With the continued easing of lending standards and terms for C&I loans - according to a recent Senior Loan Officer Opinion Survey on Bank Lending Practices released by the Federal Reserve - the issue of MBS bank demand arises again.
In recent research, MBS analysts have noted that even with the bank C&I growth over the past year - with the increase actually showing up on bank balance sheets beginning in August 2004 - the large banks are still adding to their mortgage portfolios. However, analysts said that the numbers are concealing the real story - Bank of America has the lion's share of this increase across all banks in 2004 to 2005.
Kevin Jackson, vice president at RBC Dain Rauscher, said, "It has appeared over the past one-and-a-half years that banks have demanded MBS in size versus business and other loans. It appears that treating banks as a homogeneous entity is not exactly correct." Jackson noted that in 2004, commercial banks increased their MBS holdings by roughly $100 billion and by $37 billion in 1Q05, adding that the bulk of the gain in the past year and in the first quarter could be attributed to BofA. While most banks have reduced their MBS holdings, Jackson said BofA has increased its funding share through Federal Reserve funds and repos, using derivatives to hedge risk. This is in place of funding MBS purchases in light of strong deposit growth as well as weak loan demand.
In a recent report, Bear Stearns said that as early as 2004, BofA's $112 billion mortgage growth (numbers are according to Federal Deposit Insurance Corp. and BofA SEC filings) is equal to 81% of the total mortgage growth reported by the Fed at all large commercial banks. "It should be noted that other large banks may have added to their mortgage portfolio in the past year, but, as a whole, total exposure at banks outside of Bank of America has been relatively flat," Bear analysts said. They added that the growth in MBS held at BofA seems likely to continue, citing BofA's 10-Q for 1Q05 disclosing $26.2 billion net forward mortgage commitments as far out as July, which is repeating a pattern that started in 3Q03. BofA has been regularly disclosing net forward positions ranging from $17 billion to $57 billion each quarter, added Bear. BofA's significant appetite for mortgages has played an important role. "If that appetite declined, the fallout for mortgage spreads could be significant," Bear analysts reported.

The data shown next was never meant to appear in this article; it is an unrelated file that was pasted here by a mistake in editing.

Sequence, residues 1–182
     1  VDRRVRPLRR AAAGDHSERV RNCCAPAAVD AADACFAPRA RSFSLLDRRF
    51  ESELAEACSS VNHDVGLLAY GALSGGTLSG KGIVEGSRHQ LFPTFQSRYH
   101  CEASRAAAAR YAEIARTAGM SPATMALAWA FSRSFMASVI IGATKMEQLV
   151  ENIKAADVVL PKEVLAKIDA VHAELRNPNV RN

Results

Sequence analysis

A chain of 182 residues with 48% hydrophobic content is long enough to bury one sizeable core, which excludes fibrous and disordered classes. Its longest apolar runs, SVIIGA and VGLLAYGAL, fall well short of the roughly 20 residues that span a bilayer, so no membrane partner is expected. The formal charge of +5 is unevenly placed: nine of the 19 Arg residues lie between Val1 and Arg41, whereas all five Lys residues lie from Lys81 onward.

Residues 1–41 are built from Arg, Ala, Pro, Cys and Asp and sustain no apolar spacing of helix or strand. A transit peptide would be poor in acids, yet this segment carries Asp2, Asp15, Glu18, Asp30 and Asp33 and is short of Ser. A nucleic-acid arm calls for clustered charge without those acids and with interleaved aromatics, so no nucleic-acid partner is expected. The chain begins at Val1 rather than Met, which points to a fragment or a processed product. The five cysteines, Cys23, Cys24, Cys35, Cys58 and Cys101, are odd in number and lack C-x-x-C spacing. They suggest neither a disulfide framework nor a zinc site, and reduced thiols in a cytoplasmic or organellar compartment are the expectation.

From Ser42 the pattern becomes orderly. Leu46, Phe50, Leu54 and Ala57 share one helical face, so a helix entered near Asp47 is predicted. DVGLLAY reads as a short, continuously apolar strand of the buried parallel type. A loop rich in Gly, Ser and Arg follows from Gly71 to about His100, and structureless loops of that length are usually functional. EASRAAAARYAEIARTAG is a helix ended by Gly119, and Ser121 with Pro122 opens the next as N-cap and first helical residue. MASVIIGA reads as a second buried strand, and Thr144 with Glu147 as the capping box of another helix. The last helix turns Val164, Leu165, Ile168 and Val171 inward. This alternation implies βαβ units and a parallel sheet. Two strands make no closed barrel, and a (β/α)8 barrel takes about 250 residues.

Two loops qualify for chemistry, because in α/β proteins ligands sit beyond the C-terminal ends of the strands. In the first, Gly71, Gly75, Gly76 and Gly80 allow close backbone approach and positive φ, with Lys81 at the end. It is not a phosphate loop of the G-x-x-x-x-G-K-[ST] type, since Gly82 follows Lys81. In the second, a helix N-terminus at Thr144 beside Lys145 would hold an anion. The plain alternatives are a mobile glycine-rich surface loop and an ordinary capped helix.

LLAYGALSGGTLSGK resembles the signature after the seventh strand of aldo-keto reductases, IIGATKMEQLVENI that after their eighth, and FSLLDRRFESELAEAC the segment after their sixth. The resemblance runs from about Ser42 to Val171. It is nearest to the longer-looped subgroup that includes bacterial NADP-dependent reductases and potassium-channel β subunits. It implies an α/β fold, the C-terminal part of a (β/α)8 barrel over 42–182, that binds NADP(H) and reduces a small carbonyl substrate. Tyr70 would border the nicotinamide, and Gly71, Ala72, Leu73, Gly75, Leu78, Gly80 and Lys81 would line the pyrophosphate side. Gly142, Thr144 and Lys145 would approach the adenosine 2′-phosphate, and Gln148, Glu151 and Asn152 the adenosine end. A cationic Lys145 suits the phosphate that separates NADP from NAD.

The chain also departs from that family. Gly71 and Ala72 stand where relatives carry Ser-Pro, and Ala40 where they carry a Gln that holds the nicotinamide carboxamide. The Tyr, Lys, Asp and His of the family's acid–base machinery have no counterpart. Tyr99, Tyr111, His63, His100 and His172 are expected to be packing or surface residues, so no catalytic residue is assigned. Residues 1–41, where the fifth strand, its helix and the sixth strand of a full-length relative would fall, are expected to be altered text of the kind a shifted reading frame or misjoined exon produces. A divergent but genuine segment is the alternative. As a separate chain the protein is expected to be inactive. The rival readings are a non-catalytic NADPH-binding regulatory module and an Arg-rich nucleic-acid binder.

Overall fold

Deposit growth versus leverage
Another issue that analysts have been debating is whether deposit growth or bank leverage would be the correct indicator for bank demand.
Recently, Lehman Brothers asserted that over the next two to three quarters, banks would probably have a reduced net interest margin due to short-term rates rising. This could mean increased bank leverage to maintain earnings, benefiting the mortgage market as net bank mortgage purchases are expected to be strong as a result. Meanwhile, UBS argued that deposit levels play a far more significant role in the short- to intermediate- term in regards to forming bank investment strategies versus bank leverage trends. Analysts reiterated that structural changes in the financial system have changed the significance of C&I lending to large banks. Going forward, C&I loans are expected to take away less from securities in general, and MBS and other mortgage-related assets in particular. Deposit growth has been the main contributor to the increase in commercial banks' mortgage-related assets, UBS analysts argued.
David Montano, head of mortgage research at JPMorgan Securities, believes that deposit data is relevant but it is also important to keep in mind that "it is very volatile but generally always trends higher - bank deposits are not a leading indicator," Montano said, adding that banks do not necessarily buy MBS because there is a short-term increase in deposits. He also noted that banks have been through a phase of very heavy deposit growth that is likely to stabilize.
Meanwhile, Montano said C&I loan demand is more telling as to the changes in economic conditions, noting that this year there has been bank C&I activity growth for the first time since 2000. The impact on MBS demand will depend on whether this pattern continues. So far, net bank MBS portfolio growth has been increasingly limited to a small handful of institutions.
"Leverage is important because asset size plus C&I activity is what will drive MBS activity," Montano said. Asset size is a function of both deposits and leverage. The latter is supposed to decrease when the Fed is tightening, although it often has short-term increases as investors seek to maintain earnings. "So far bank MBS activity has been below last year's levels (for Q1); if the Fed continues to tighten and the curve to flatten, I would expect that bank MBS activity will decline," Montano said.
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